[INSIGHT]Thoughts on Mr. Kim's healthWhile not many expressed their anxiety, a lot of people must have felt some last week. Some sensitive souls might have even felt a sense of panic. As fortune would have it, President Kim Dae-jung, who was hospitalized April 9, has recovered and signed out of the hospital.
Needless to say, in a country where power and final authority are vested in the president, it is a vital matter of state whether the president can carry out his duties properly. When the president was suddenly hospitalized in the middle of the night, with all his three sons implicated in one sort of scandal or another, obviously people are going to wonder if there is a danger of the president cracking under pressure. Foreign businessmen and other decision-making figures in Seoul, not to mention diplomats and intelligence officers, must have had been on alert and busy last week because of this "what if."
There was still another reason for heightened concern when the president left the Blue House for the hospital last week. At that time, the prime minister was away on a foreign trip, and one deputy prime minister was already rumored to be resigning ?which he did on Saturday ?in order to run for governor of Gyeonggi province. For a short but undeniable period of time last week, the leadership in Korea flickered precariously. According to official announcements, nothing of any consequence happened during that time, but the thought of unexpected, serious events is enough to send a shiver down one's spine.
In any country when a leader falls sick, the symptoms are described as less severe than they actually are. Are the reasons officially cited for the president's sudden hospitalization ?"fatigue" and "lack of nutrition due to gastrointestinal trouble" ?accurate?
Some thought that a lack of nutrition is not a likely condition for the president of a country. Some said the explanation that the president hadn't eaten for three or four days before being hospitalized sounded unconvincing. Suspicions like these, however groundless, could snowball into serious apprehensions. With all the concern that was triggered by Mr. Kim's hospitalization, we should take the opportunity to review our contingency plans in case of a leadership vacuum.
Our government administration has no system in place to address a president's incapacitation. The administration of the country must go on no matter who is hospitalized or leaves on a trip. Administration should be carried out on the basis of law, systems and the conscientiousness of civil servants to serve the national interest. We have been relying for too long on "charismatic leadership" and "imperial presidents." Flattery and self-preservation have been the guidelines for government affairs, not law and systems. When there is no one to flatter or to take orders from, the structure starts to shake and confusion reigns.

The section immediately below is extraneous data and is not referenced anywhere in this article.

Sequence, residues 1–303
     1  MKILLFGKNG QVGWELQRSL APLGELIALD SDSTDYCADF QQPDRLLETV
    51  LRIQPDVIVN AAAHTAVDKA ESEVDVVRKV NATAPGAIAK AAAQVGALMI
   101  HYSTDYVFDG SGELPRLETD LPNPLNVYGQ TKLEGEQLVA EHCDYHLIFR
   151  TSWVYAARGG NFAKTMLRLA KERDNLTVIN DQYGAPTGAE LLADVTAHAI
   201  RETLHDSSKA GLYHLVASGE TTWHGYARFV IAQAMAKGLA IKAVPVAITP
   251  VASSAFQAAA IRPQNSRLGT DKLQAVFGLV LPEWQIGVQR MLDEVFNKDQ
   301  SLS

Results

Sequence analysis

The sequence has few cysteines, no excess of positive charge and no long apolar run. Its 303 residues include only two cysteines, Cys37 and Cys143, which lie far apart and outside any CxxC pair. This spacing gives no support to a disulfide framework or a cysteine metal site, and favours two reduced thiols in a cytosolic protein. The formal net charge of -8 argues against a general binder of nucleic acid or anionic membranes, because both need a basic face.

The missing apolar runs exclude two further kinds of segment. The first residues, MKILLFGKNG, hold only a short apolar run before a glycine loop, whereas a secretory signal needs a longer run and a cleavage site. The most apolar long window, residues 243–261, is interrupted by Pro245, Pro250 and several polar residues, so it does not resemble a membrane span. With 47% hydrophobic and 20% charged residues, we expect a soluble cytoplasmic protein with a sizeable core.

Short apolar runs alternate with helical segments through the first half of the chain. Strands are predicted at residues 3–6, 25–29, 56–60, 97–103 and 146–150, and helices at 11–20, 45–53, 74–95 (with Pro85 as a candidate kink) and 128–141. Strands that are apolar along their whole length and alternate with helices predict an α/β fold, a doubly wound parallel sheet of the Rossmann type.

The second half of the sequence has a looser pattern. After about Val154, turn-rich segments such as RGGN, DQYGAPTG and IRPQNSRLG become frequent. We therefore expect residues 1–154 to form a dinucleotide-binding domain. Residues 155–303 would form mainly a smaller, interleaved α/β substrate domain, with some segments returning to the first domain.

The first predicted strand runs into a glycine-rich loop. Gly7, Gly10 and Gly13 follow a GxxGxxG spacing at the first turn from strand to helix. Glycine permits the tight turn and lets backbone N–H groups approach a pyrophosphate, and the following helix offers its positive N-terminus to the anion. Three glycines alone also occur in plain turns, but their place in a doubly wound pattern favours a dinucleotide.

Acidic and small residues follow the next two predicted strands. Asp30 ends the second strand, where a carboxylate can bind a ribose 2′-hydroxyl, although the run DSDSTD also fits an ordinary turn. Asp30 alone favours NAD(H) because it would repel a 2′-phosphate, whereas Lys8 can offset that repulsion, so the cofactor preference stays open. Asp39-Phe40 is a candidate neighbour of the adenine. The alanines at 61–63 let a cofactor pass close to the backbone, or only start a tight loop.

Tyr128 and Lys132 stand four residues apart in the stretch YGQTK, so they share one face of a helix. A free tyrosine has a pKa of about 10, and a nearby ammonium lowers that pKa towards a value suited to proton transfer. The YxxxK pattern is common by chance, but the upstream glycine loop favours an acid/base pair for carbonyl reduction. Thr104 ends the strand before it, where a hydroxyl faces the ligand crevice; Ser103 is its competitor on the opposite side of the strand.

Another aspect we should review after this incident is how medical announcements are made and what they contain. It is important that the explanations of medical problems be well drawn up to reassure the public that there is no cause for serious concern. The announcement by the Blue House that the president was suffering from a "lack of nutrition," even if it was true, was not followed up with any details that would put our minds at ease. Also, announcing that the overworked president would now "drastically cut any ostentatious or unnecessary and nonurgent work" was a terrible idea. From this announcement we understand that the president has gone to the extent of compromising his health with "ostentatious or unnecessary and non-urgent work."
Our government has a lot of business to take care of. The World Cup is looming, and the local elections and the presidential election are announcing their imminence with a burst of political strife and antagonism. The economy has started to show signs of recovery, but that is all the more reason to work even harder. Scooping up the piles of corruption permeating high places is work enough all alone.
These are times when leadership, daring decisions and vigorous administration by our president is needed more than ever. Can an elderly, fatigued president, plagued with family problems, give what we need? How can we say our country is fine when our president isn't? The president must recover his ease of mind and his physical health. For the sake of his health, he must unload himself of the burden of being in charge of everything, taking the opportunity to establish a better system of delegated leadership.
Another prescription for our president is to make a quick decision on the problems of his sons. The president can't stay healthy when the Blue House is under attack because of his family.
The writer is a senior editorial writer of the JoongAng Ilbo.
by Song Chin-hyok